Hunters across France are calling for the resignation of the ecology minister and are organising marches in Landes and Ardennes in protest at the cancellation of several traditional hunts this summer.
President of the hunting group la Fédération nationale des chasseurs (FNC), Willy Schraen, has denounced the government for a “lack of neutrality", and told Le Figaro that the minister is practising a "punitive ecology".
Several departmental federations of hunters have called for demonstrations throughout France.
The hunters are calling for the resignation of Barbara Pompili, as well as Junior Minister for Biodiversity, Bérangère Abba.
It comes after glue hunting was banned by France’s highest administrative court, le Conseil d’Etat, in June; followed by the banning of hunts on several bird species, including skylark, thrush and blackbird. The ban also included the use of nets and cages.
This was because permits for the hunting “did not comply with the requirements of European law on the protection of birds”, said the court.
But Mr Schraen hit back, saying: "Catching a bird without a firearm is quite an art. Those who succeed in doing so should get a medal.”
Turtle dove hunting
At the end of August, the hunting of turtle doves was also banned by an order of the Ecology Ministry, published in the Journal Officiel on August 28, until July 30, 2022.
While anti-hunting campaigners say the move did not go far enough to protect the species, Hauts-de-France hunting federation la Fédération des chasseurs des Hauts-de-France said in a statement: "Putting Ms Abba and Ms Pompili in charge of hunting is like putting a vegan in charge of agriculture and fishing.”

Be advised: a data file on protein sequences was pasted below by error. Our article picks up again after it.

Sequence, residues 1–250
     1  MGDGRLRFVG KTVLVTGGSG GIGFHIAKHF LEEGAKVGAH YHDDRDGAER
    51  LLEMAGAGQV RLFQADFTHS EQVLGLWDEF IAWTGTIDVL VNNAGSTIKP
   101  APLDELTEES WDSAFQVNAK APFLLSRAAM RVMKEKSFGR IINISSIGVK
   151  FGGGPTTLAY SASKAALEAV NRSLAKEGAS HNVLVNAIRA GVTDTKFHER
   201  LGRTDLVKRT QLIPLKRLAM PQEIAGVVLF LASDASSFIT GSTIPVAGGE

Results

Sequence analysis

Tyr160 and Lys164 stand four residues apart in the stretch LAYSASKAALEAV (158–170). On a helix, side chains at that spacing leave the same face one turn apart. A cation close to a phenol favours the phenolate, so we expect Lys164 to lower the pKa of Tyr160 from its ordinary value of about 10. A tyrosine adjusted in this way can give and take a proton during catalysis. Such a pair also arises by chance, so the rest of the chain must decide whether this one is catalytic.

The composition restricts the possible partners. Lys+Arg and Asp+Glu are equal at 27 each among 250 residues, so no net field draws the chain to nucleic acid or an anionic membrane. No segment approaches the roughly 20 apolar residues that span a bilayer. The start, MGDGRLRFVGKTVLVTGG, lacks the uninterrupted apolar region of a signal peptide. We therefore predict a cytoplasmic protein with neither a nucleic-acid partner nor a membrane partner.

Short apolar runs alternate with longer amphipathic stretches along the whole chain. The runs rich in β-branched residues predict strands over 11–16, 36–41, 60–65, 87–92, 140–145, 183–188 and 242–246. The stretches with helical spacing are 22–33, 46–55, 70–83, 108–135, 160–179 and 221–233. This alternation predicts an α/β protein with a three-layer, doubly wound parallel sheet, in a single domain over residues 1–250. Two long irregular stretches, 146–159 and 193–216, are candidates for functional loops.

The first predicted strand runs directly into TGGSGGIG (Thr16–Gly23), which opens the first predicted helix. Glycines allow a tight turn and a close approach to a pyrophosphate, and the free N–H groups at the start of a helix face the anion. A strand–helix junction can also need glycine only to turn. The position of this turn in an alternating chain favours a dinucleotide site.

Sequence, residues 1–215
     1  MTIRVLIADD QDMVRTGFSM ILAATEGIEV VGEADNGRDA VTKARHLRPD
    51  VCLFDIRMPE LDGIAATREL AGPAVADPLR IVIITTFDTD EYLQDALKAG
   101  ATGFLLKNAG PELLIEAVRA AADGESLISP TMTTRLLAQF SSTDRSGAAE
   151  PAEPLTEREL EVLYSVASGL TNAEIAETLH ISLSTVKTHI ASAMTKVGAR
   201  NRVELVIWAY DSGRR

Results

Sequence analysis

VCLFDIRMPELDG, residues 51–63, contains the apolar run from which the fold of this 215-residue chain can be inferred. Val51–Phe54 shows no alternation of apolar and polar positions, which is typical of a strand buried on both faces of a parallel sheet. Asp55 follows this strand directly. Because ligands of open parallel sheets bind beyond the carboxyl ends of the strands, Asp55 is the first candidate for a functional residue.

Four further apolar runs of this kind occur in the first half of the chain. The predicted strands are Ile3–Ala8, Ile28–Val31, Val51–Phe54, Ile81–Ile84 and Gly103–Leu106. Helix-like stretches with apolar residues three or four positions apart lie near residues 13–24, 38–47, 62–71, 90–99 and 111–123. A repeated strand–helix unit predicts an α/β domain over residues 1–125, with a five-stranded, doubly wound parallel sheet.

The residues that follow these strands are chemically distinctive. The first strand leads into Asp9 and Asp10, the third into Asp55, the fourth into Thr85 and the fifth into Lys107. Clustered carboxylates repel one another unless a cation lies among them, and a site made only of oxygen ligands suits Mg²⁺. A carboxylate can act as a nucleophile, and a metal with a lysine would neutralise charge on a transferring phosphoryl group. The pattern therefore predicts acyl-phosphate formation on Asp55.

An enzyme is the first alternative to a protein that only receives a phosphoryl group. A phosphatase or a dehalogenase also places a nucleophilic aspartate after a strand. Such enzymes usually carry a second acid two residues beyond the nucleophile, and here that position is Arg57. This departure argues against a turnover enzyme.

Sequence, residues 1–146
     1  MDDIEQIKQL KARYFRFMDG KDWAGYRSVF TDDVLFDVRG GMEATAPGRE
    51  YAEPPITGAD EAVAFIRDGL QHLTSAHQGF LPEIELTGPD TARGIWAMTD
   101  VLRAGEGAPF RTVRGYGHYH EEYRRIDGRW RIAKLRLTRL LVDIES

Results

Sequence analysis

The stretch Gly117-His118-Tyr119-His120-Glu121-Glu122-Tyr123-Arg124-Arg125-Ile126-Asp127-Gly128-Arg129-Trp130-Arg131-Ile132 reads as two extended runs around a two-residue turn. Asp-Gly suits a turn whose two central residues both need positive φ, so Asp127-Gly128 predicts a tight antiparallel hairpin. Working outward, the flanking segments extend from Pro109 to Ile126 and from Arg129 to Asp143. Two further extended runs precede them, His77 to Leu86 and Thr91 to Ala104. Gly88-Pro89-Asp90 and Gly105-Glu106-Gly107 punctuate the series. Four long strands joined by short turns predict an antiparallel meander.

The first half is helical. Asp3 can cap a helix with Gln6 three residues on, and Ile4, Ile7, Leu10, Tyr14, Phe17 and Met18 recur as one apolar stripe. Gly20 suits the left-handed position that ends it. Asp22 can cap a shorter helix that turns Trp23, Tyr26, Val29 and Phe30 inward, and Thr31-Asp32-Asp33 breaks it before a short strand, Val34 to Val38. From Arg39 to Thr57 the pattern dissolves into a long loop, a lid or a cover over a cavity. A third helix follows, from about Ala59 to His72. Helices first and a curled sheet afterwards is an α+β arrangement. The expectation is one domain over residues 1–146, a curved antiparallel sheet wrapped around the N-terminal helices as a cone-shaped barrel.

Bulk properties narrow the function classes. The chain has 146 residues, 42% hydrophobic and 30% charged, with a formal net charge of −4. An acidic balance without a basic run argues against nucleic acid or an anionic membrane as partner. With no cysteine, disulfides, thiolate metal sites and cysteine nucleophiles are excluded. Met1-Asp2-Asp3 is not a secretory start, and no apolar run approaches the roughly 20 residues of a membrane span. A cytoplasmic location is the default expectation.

Now, the federation has joined others to call for demonstrations against the bans, with protests set to take place across France until at least September 18.
Organisers hope to attract 10,000 people each in Amiens (Hauts-de-France) and Mont-de-Marsan (Landes).
Hunters in the Grand-Est region marched yesterday (September 4); while ‘angry rural’ assocation La Ruralité en Colère, which also includes fishermen and farmers, has called for a day of action in the Ardennes, reports chassepassion.net.
For Loris Savart, a member of La Ruralité en Colère, the protests go beyond hunting.
He said: "For years, people living in the countryside have been subjected to unjustified attacks. This ranges from backyard hobbyists who will soon have to have a certificate of competence to raise chickens; to roosters that disturb, to cows that are in a meadow too close to neighbours who then complain.
“Living in the countryside means sharing values and living together with everyone.”
Bird protection associations welcome the bans
Yet, animal protection associations say the ban on these traditional hunts is necessary.
The association One Voice called the recent bans on bird hunting a "historic victory", after taking the case to the Conseil d’Etat, with bird protection group la Ligue de Protection des Oiseaux (LPO).
LPO president, Alain Bougrain Dubourg, told Le Point that "although it was possible to conceive of the use of traditional hunting in times of famine or war, today it is no more than a simple leisure activity".
The LPO added that the populations of urban and rural birds are today collapsing because of human activities.
It comes as the European Commission recently approved a ban on lead shot for hunting by 2023, and Alpes-Maritimes MP Loïc Dombreval is calling for a ban on grouse hunting. According to France Inter, Mr Dombreval has sent a letter to Ms Pompili to call for a ban in the practice.
Any future bans are likely to provoke yet more ire from hunters, of which there are more than one million in France.